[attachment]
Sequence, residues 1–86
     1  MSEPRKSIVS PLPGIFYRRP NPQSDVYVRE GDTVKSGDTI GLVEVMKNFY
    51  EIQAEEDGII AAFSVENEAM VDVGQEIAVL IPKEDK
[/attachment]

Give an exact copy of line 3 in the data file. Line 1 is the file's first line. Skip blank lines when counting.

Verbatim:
    51  EIQAEEDGII AAFSVENEAM VDVGQEIAVL IPKEDK